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The many faces of controversy.

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"...a hurricane of pain..."We’re still making our way through the "United 93" reviews (which, despite their surprising sameness in sentiment, we still find more interesting than the film itself). David Segal at the Washington Post was at the Tribeca premiere, and writes about the surreality of the first 9/11 Hollywood blockbuster:

The theater was filled with relatives and friends of those who died that day, and at the end of the film, the section where they sat — in rows of seats in the balcony — dissolved into a collective wail of grief. Have you ever heard 100 people crying at the same time? Sounds simply don’t get any sadder.

And evenings don’t come much stranger. This was the opening night of the Tribeca Film Festival and that meant that alongside the deadly serious business of this horrific national tragedy was the utterly silly business of a hip movie premiere. These two elements, let the record reflect, don’t mix well. It was like a showdown of crass versus poignant. A squadron of public relations aides were in combat mode, chaperoning celebrities down a red carpet and introducing them to correspondents from shows such as "Entertainment Tonight." There were paparazzi on hand by the dozens, not all of them happy with the level of talent.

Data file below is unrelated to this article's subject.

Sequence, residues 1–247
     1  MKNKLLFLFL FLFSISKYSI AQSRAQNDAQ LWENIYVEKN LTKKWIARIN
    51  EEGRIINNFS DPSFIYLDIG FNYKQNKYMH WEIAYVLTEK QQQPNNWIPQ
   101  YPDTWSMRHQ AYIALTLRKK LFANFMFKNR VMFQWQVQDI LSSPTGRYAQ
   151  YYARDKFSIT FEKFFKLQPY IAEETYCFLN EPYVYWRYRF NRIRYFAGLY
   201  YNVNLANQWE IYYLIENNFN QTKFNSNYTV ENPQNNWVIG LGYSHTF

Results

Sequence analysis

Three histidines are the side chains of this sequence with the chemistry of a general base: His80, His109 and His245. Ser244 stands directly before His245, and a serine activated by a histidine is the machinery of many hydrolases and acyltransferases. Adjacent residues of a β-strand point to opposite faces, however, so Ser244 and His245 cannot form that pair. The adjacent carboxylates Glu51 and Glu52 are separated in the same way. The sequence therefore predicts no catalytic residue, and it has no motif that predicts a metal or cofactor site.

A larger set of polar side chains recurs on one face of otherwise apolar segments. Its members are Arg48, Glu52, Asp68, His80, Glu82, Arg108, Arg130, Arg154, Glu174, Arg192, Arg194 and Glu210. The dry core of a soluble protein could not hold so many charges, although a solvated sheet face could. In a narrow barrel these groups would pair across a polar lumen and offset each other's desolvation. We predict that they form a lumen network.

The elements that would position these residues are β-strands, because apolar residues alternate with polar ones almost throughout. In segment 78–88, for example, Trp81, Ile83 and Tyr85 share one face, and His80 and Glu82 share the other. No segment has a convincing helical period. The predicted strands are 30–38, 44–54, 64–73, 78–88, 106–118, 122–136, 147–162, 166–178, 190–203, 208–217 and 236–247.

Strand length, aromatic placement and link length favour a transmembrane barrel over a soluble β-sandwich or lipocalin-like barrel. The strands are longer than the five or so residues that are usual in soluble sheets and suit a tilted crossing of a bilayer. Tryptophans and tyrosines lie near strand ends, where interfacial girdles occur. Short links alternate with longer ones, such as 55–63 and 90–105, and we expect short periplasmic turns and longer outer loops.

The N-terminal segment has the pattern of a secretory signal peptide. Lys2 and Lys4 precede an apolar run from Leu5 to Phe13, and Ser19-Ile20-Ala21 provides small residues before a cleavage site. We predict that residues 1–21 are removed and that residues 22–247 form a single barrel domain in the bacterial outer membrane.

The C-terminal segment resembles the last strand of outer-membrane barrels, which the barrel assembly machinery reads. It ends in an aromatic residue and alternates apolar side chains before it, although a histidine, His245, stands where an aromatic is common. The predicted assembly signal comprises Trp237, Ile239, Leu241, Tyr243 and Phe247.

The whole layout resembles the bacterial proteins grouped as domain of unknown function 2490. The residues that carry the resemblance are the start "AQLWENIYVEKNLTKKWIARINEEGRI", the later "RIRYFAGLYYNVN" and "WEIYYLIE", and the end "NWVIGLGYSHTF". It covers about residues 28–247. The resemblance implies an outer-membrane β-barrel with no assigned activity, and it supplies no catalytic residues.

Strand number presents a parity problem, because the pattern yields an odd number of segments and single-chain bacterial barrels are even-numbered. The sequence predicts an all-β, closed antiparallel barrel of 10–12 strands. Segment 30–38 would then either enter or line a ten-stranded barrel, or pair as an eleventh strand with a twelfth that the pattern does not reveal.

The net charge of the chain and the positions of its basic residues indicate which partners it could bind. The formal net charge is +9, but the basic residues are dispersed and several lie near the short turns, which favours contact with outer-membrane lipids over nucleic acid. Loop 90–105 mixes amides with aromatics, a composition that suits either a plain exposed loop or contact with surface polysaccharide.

"All B-listers," said one, grimacing a little as he struggled for a better view of Tom Selleck, Carol Kane, Gabriel Byrne and Steve Buscemi. "They said Halle Berry was supposed to be here, but I think she bailed."